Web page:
Safety Tips for Pet Parents:
Attention, animal lovers, it’s almost the spookiest night of the year! There are some common sense precautions this Halloween to keep you and your pet happy and healthy on this spooky holiday.
1. No tricks, no treats: That bowl of candy is for trick-or-treaters, not for Scruffy and Fluffy. Chocolate in all forms—especially dark or baking chocolate—can be very dangerous for dogs and cats. Candies containing the artificial sweetener xylitol can also cause problems. If you do suspect your pet has ingested something toxic, please call us or the ASPCA Animal Poison Control Center at (888) 426-4435. Keep a few pet friendly treats on hand such as Royal Canin’s Medi Treats or Medi Chews which are available from the clinic.
2. Popular Halloween plants such as pumpkins and decorative corn are considered to be relatively nontoxic, but they can produce stomach upset in pets who nibble on them. Be sure to supervise pets if they are in a room where these decorative items are kept.
3. Wires and cords from electric lights and other decorations should be kept out of reach of your pets. If chewed, your pet might suffer cuts or burns, or receive a possibly life-threatening electrical shock.
4.A carved pumpkin certainly is festive, but do exercise caution if you choose to add a candle. Pets can easily knock a lit pumpkin over and cause a fire. Curious kittens especially run the risk of getting burned or singed by candle flames.
5. Dress-up can be a big mess-up for some pets. Please don’t put your dog or cat in a costume UNLESS you know he or she loves it (yup, a few pets are real hams!). For pets who prefer their “birthday suits,” however, wearing a costume may cause undue stress. Costumes can also cause your pet to over heat during the course of the evening. If you do choose to dress your pet up in costume, check them regularly for over heating and always keep water available. Never leave a costumed pet without supervision.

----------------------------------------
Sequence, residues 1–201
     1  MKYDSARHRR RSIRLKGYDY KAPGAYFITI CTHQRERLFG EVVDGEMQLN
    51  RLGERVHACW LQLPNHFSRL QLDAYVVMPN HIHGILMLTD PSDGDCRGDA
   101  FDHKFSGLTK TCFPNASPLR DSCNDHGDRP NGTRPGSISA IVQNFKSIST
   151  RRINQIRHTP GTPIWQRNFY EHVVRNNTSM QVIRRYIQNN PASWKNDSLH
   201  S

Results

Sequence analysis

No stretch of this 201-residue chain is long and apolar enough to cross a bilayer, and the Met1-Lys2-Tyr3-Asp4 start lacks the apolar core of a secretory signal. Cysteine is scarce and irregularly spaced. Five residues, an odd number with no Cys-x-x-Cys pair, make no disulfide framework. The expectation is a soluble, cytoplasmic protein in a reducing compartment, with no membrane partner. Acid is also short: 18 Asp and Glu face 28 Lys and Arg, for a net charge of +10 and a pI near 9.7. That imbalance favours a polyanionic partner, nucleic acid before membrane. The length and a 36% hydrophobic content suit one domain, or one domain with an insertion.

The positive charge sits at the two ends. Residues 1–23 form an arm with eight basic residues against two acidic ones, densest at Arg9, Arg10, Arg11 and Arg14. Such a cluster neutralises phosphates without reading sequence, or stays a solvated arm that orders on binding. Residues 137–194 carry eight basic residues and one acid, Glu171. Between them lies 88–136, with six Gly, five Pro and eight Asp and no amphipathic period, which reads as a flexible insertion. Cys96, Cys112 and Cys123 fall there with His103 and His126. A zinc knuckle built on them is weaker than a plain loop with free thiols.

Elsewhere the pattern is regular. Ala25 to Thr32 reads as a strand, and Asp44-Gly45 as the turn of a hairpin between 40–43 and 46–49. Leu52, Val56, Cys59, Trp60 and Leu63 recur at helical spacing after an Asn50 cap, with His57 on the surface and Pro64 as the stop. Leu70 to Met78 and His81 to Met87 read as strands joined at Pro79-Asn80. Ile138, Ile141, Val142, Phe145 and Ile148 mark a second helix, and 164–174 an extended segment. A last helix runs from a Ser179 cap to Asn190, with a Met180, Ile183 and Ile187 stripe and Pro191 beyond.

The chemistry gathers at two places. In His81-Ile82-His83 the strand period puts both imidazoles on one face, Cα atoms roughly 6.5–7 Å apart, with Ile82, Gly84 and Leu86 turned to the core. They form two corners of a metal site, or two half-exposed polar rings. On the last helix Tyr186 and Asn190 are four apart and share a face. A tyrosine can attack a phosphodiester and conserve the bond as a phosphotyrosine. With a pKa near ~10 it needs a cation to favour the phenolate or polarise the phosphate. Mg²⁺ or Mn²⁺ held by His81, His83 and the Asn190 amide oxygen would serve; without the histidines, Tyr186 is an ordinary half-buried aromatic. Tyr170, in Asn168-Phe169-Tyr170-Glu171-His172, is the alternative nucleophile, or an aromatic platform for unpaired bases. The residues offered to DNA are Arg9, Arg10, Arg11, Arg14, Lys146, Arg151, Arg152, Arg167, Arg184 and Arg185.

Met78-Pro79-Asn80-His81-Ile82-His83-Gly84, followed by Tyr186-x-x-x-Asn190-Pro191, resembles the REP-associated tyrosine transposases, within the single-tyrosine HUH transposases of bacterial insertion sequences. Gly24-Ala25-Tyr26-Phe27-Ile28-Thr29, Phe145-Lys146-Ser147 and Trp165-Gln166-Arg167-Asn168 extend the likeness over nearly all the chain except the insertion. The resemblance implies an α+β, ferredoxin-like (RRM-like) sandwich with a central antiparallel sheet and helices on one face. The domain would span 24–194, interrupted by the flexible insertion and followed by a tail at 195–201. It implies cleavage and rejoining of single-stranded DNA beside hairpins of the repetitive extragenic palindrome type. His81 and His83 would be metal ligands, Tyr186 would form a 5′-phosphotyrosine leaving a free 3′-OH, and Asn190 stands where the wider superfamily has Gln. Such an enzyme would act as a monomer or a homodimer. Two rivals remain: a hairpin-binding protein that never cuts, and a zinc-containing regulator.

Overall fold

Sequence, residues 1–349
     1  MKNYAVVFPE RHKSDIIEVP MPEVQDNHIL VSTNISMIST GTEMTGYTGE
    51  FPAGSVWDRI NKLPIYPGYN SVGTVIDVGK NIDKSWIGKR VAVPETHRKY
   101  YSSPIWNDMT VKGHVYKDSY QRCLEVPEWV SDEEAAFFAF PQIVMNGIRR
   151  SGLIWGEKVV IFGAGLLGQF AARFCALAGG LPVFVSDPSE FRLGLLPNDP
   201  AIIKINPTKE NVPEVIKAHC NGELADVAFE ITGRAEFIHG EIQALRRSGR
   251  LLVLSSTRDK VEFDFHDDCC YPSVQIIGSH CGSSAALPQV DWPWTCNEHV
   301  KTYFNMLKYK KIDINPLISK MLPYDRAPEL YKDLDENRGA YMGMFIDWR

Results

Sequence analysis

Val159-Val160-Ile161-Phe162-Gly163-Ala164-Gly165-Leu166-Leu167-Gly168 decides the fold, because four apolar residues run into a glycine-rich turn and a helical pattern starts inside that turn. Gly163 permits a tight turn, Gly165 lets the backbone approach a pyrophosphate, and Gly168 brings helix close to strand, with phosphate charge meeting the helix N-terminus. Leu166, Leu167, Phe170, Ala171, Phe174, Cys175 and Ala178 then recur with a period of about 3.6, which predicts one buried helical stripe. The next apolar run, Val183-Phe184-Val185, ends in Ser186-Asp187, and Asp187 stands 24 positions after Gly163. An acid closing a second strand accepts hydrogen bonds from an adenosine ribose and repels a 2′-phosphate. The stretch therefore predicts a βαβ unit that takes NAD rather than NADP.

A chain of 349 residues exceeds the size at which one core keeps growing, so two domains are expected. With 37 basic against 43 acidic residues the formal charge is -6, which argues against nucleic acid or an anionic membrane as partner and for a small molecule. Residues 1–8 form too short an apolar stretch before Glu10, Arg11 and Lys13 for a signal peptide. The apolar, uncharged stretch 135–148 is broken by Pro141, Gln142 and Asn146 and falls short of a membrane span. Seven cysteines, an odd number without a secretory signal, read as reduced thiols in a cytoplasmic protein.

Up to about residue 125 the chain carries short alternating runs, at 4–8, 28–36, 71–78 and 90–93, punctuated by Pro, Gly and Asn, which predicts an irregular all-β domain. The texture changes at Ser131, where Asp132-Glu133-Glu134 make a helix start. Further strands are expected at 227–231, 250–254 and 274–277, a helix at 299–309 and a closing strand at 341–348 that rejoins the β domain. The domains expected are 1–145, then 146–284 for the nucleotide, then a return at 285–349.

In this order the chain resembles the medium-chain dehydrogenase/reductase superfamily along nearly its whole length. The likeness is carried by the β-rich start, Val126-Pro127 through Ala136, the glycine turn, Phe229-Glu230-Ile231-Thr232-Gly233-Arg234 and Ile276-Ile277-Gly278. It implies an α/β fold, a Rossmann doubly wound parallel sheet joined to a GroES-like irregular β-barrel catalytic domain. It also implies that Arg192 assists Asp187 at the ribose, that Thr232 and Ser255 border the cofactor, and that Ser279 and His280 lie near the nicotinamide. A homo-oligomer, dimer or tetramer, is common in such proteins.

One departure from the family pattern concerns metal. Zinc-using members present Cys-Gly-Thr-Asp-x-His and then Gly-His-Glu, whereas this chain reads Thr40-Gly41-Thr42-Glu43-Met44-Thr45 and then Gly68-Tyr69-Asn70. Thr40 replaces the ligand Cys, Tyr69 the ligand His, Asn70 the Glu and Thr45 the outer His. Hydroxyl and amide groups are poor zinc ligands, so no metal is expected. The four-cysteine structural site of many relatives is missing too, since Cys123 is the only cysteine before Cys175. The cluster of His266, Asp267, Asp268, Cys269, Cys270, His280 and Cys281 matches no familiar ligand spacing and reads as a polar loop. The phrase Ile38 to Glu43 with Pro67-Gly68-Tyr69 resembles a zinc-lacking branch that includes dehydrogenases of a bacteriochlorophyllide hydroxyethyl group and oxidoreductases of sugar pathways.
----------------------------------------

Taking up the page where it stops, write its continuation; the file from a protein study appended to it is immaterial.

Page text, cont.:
6. If you do dress up your pet, make sure the costume isn’t annoying or unsafe. It should not constrict the animal’s movement or hearing, or impede his ability to breathe, bark or meow. Also, be sure to try on costumes before the big night. If your pet seems distressed, allergic or shows abnormal behavior, consider letting him go au naturale or donning a festive bandana instead.
7. All but the most social dogs and cats should be kept in a separate room away from the front door during peak trick-or-treating hours. Too many strangers can be scary and stressful for pets. Some pets forget their manners with so many interesting visitors at the door and accidently overwhelm small visitors.
8. When opening the door for trick-or-treaters, take care that your cat or dog doesn’t dart outside.
9. IDs, please! Always make sure your dog or cat has proper identification. If for any reason your pet escapes and becomes lost, a collar and tags and/or a microchip can be a lifesaver, increaing the chances that he or she will be returned to you . If you take your family pet along trick or treating they must be on a leash to avoid the risk of being hit by cars or disoriented in the dark.
We wish you and your pets a very Happy and Safe Hallowe’en . Be sure to bring your pictures by the clinic for sharing or email them to us at firstname.lastname@example.org